In short a refeed is to speed up the metabolism again. To reduces ones appetite and provides for a favorable action of various hormones. In addition, a refeed makes sure that the glycogen stores are replenished. This has positive effects on the upcoming workouts. Because of the amount calories the body will be in an anabolic state for a while. The large amounts of carbohydrates will enhance the anabolic effect.

The advantages of a refeed in short glance:

- Accelerate metabolism
- Enhancing hormone action
- Decreased appetite
- More energy to train
- Temporary muscle gain

The basis of the term "refeed" is mapped. The next section shows how and when you can apply a refeed the best and for whom a refeed is the most advantages.


Part 2



The previous section indicates that during a diet the amount of leptin decreases.As indicated a diet decreases the amount of leptin by two factors:

- Kcal. - Reduction of fat mass -> Long term

The purpose of a diet is to lose fat so a kcal deficit is inevitable. This reduces the amount of leptin. Bodyfat also plays a major role. Leptin is for a big part produced by our fat mass. Increased fat mass therefore implies a greater leptin production. People with a relatively high fat mass see in the beginning, for this reason a less stronger decrease of leptin during a diet. A lower percentage of fat on the other hand means a larger decrease in leptin. Think also of the fact that the decrease of leptin has ensured we could survive longer in times of food shortage. With a higher fat percentage, this danger is much less present.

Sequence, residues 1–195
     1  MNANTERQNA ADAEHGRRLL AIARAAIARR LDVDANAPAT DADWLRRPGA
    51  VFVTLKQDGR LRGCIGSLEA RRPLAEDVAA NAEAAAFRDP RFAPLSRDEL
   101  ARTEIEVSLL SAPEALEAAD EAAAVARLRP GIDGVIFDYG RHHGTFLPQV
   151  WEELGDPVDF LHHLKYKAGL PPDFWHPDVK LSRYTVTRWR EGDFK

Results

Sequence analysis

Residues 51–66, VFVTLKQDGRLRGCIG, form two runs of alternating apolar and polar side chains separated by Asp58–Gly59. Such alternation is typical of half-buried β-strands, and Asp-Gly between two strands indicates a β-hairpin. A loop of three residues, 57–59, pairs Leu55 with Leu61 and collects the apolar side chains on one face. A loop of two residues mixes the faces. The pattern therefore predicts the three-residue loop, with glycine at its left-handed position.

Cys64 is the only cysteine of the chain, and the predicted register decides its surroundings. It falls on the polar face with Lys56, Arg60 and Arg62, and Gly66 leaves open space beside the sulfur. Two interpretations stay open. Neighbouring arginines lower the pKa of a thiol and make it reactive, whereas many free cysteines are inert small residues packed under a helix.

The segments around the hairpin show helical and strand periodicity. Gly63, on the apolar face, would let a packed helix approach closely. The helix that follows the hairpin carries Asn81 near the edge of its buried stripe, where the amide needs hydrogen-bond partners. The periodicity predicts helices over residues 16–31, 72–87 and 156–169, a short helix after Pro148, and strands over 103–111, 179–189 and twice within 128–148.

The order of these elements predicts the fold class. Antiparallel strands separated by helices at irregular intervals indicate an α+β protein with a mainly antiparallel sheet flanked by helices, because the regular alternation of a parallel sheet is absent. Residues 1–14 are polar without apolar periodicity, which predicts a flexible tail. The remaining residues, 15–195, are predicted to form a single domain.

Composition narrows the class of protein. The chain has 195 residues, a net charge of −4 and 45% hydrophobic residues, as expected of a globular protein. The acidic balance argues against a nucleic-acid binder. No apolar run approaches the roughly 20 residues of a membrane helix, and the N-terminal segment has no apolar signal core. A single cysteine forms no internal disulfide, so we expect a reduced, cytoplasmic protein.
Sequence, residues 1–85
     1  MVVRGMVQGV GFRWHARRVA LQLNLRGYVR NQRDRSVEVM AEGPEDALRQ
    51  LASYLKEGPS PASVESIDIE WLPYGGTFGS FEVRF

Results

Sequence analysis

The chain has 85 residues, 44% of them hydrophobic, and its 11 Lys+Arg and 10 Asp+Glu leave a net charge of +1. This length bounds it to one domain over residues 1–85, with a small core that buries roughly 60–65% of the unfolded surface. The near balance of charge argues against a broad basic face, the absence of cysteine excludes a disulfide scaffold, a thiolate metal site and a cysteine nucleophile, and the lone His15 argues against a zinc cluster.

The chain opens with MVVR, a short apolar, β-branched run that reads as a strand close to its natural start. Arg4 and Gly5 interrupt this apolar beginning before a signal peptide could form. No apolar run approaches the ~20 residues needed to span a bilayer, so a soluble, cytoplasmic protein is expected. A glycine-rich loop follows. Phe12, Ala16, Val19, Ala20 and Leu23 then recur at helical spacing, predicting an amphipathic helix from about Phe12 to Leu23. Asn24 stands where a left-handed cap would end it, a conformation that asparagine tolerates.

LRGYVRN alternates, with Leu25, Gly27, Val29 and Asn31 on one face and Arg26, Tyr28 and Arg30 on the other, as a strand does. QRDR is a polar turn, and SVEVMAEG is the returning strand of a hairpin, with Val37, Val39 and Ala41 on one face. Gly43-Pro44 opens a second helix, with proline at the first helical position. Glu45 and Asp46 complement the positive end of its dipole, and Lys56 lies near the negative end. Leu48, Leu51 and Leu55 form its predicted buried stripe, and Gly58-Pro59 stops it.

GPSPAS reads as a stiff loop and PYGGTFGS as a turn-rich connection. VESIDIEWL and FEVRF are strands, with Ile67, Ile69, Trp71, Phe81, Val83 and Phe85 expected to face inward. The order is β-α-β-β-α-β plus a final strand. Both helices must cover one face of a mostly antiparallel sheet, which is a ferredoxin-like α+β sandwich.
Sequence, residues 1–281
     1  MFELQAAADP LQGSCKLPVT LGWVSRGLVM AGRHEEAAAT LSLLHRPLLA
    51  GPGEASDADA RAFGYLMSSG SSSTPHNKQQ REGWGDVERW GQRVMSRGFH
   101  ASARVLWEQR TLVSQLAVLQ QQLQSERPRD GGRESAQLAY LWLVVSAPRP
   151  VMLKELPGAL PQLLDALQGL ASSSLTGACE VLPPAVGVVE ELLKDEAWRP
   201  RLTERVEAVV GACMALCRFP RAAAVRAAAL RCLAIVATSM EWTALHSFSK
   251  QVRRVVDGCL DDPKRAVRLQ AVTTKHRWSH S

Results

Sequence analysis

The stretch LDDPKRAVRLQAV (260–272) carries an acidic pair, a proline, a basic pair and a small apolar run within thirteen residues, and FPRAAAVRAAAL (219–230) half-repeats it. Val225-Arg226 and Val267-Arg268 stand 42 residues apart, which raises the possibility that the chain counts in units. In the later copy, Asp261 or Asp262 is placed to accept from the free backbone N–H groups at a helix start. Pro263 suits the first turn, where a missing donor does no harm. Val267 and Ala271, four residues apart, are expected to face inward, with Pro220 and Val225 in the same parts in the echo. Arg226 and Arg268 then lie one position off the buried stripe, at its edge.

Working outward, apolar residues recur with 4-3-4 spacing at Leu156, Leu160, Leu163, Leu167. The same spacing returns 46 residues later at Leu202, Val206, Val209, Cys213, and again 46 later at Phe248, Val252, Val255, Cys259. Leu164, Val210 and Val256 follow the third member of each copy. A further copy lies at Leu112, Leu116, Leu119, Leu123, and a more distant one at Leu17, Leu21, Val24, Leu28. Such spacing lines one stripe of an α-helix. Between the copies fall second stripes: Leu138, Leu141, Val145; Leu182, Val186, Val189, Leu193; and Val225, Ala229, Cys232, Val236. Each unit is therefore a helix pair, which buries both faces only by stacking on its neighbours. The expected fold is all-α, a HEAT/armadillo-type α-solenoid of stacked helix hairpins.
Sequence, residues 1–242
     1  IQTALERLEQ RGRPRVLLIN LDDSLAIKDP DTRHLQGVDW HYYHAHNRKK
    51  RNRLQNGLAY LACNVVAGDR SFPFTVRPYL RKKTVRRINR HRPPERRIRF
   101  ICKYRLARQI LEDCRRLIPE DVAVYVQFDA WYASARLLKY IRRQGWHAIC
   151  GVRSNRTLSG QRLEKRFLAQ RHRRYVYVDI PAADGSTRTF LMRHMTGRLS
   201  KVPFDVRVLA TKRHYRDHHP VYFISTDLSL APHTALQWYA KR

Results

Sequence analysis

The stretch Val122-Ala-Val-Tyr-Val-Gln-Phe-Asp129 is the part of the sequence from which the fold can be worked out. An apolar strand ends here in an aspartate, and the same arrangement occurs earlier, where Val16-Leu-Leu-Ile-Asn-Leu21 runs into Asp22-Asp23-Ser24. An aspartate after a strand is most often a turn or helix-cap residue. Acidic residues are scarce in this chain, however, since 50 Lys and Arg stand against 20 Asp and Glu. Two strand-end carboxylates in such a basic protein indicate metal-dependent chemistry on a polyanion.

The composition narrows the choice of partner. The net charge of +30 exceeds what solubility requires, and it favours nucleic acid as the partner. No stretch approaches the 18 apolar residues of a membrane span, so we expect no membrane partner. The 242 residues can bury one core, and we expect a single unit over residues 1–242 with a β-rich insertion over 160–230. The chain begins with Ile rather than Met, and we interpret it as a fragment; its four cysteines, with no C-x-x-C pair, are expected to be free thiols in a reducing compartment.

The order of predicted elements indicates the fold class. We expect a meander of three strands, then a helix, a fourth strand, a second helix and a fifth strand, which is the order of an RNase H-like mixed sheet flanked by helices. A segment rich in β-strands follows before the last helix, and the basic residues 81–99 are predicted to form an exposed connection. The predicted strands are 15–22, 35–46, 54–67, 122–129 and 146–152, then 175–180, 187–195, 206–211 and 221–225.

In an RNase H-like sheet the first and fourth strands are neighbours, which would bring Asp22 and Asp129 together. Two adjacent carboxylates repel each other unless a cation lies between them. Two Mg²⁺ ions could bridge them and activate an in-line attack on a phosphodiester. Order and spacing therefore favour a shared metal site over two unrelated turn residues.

For the above reasons it is recommended that a refeed takes place more often at lower fat percentages. And as in most cases it is impossible to draw a general guideline which applies to everyone.